France offers one of Europe’s toughest responses to an ancient tradition that predates Islam and Christianity, and mostly affects its large African immigrant population.
Sanctions against offenders include fines and prison sentences of up to 10 years - 20 if the victim is a minor - even if the cutting takes place abroad. It is also considered one of Europe's top places of refuge from FGM, which can be grounds for asylum claims.
FILE - A T-shirt warns against female genital mutilation. Its wearer attends an event, discouraging harmful practices such as FGM, at a girls high school in Imbirikani, Kenya, April 21, 2016.
But activists and medical practitioners say law-and-order is only part of the answer.
“We’re facing a practice that’s anchored by culture,” says midwife Edmont. “It’s very hard for a woman to go against something she’s been taught to believe in since she was born. It’s almost like betraying her origins.”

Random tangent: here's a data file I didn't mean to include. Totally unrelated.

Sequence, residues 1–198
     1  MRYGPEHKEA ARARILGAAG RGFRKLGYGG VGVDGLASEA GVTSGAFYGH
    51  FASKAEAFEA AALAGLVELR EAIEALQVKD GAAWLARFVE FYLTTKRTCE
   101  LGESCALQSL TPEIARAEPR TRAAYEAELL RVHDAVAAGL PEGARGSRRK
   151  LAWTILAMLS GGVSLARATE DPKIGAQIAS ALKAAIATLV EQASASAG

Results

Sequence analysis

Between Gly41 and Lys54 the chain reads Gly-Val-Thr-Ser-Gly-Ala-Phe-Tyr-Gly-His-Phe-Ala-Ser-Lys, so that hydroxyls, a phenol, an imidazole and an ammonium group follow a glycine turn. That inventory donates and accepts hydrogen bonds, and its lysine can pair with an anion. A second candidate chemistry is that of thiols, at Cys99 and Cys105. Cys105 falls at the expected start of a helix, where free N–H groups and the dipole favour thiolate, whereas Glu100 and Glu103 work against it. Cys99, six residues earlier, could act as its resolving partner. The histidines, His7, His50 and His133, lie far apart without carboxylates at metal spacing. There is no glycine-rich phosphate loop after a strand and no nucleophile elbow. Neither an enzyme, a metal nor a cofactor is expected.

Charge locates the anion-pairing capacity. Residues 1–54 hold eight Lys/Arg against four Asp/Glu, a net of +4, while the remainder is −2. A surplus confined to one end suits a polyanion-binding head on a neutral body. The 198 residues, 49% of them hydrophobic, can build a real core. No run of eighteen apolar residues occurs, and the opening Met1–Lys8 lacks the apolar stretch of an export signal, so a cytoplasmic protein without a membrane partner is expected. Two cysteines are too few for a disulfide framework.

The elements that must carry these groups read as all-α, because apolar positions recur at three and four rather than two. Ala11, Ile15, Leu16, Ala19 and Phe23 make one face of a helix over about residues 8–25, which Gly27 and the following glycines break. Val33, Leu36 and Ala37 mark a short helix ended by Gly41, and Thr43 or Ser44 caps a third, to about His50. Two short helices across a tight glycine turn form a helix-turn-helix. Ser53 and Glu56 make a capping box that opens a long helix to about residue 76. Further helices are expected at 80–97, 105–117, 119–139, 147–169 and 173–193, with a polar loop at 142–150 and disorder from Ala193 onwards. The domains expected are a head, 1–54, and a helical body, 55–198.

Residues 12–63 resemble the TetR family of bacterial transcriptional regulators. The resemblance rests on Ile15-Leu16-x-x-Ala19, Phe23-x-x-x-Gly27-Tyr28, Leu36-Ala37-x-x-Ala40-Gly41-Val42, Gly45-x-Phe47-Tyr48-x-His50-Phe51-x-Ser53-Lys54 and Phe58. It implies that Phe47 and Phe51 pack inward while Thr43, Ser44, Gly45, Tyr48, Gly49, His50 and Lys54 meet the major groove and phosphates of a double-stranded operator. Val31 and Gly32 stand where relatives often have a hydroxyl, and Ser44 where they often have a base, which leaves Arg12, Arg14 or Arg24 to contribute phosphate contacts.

Located in Seine-Saint-Denis, one of the poorest and most ethnically mixed departments of France, the women’s center offers an array of specialists, including sexologists and psychologists, under one roof. It is tied to a local public hospital that is among the rare in France to specialize in FGM.
Some 14 percent of mothers giving birth there have been cut, although the center, which opened in July, treats a range of women’s issues.
“Many of the women who come here are victims of domestic violence” including sexual abuse, says the center’s midwife coordinator Mathilde Delespine. Others come for mundane gynecological problems.